We have in the days of Haggai a very similar scenario to what we face today. People are busy. Through the day-to-day life filled with the day-to-day tasks and agendas often the pursuit of personal advancement is promoted to a position of preeminence. And as a result the agenda of God and His will for his people gets sacrificed on the altar of personal pursuits.

This is where we the people of God come in… the church.

After thousands of years, the book of Haggai remains unique among the books of Old Testament prophets for one key reason: the people of Judah actually listened! Haggai’s message to rebuild the temple was passionate, simple, and straightforward. No one could mistake whether or not his direction had been followed because the results would be evident for all the people to see. Through the physical act of rebuilding the temple, the people began to indicate a shift in their spiritual lives: from devotion to self toward devotion to God.

Haggai had an important message for the Jews who had recently returned from exile. They had forgotten their God, choosing instead to focus on their own interests, so it was time for them to “consider their ways.” Nothing was more important for the Jews than to show that the Lord was at the center of their thoughts and actions, so Haggai directed them to finish rebuilding God’s temple.

However, rather than leaving them alone with the task of rebuilding, Haggai continued to preach to the Jews, encouraging them with the hope of future glory in the temple and a victory to come over the enemies of God’s people (seen in Haggai 2:7–9, 21–22). According to Haggai’s message, if the people would place God at the center of their lives, they would realize the future blessings that God had in store for His people.

How can we as the church draw our youth back? How can we be like the Prophet Haggai?

So many times we say that we are too busy…too busy for people, too busy for ministry, too busy for personal Bible reading/devotion, too busy to pray, too busy to meditate, too busy to whatever…to this God says, “Consider your ways!”

 

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Helping Your Congregation Break Out of Its Comfort Zone

I recently watched the NBA finals and in Game 4 Steph Curry stepped up to the free throw line and knocked down 2 shots without batting an eye. He was in his comfort zone! In fact, throughout the finals he made 95% of the free throws he attempted. Steph Curry’s comfort zone is watching the ball go through the hoop.

What’s your comfort zone?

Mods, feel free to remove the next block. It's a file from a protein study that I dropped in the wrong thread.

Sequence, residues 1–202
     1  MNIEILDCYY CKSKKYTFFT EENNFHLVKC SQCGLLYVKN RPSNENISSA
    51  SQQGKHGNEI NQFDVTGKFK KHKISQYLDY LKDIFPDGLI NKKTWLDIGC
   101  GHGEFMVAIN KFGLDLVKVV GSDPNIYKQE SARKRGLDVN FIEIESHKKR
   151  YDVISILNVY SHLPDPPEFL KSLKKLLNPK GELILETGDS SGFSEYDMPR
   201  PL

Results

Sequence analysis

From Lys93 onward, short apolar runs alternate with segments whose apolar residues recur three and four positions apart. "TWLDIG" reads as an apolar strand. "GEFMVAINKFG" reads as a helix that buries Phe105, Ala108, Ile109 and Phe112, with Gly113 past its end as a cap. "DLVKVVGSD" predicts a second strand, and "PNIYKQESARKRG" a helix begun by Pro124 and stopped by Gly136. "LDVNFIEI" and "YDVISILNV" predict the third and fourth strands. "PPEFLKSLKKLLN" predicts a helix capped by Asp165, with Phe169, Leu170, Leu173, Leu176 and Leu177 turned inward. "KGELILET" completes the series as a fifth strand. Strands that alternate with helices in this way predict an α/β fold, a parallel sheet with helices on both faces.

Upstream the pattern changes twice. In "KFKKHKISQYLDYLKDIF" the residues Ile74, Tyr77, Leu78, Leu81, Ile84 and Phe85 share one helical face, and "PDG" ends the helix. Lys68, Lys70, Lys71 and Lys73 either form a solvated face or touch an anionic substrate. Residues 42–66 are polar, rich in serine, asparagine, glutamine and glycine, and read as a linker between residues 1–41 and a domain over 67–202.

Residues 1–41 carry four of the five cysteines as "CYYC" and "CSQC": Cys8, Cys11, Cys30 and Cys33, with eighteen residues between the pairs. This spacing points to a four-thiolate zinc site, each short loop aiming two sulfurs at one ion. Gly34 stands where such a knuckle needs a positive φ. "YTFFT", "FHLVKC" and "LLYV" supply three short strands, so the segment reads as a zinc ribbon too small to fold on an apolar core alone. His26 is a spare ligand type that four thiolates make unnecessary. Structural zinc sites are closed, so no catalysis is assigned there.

A comfort zone is a psychological state in which things feel familiar to a person and they are at ease and in control of their environment, experiencing low levels of anxiety and stress. In this zone, a steady level of performance is possible.

As a Worship Pastor, comfort zones may be one of the things I wrestle with the most! I take the story of Moses as an example and am encouraged that God is in the business of stretching the comfort zones of His followers. Moses, as most of you know, did not consider himself a great speaker… some would even theorize and say that he might have had a speech impediment, but God called him to go and plead with Pharaoh to let the Israelites go. God called a person who was uncomfortable with their speaking abilities to be the voice of a nation, a voice of reason, and the audible voice of God.

We see a similar charge to Abram, when in Genesis 12 God tells him to “leave his country and Father’s house to a land that he will show you.” Even though it doesn’t say here, I’m sure Abram was hesitant at first. Leaving the land that he had known his whole life for a place that hadn’t even been given to him yet. A land that he didn’t know and couldn’t see!

So, Because of these stories I know that as a Pastor challenging my congregation to step out of their comfort zones is important and Biblical. But how do I do that? It seems every time I start to think on this topic so many more questions come up. What is the current comfort level at? How do we stretch without breaking people? How fast do we move? Am I stepping out of my comfort zone? How do we develop a method? Do we move with our church or as a separate entity?

All of these questions must be carefully weighed and thought out before deciding what stepping out of a comfort zone looks like for your individual ministry.

I have been on staff as a Worship Pastor at New Hope Community church for three and a half years now. I have learned a lot, and have seen God move in ways I couldn’t ever imagine! How can we come along our congregations and encourage the “fearful” steps out of the comfort zone? Let’s think together!


Find Your DNA

One of the most dangerous things I have seen over and over again with Pastors entering into new “home bases” is imparting their home church, or favorite “model” church, into the direct vision and end goal of the church they are in.

Now don’t hear me say that it is wrong to take things that healthy churches are doing and trying to implement them into the life of your church. That’s not it at all! The problem is when you try to make another church’s DNA your own!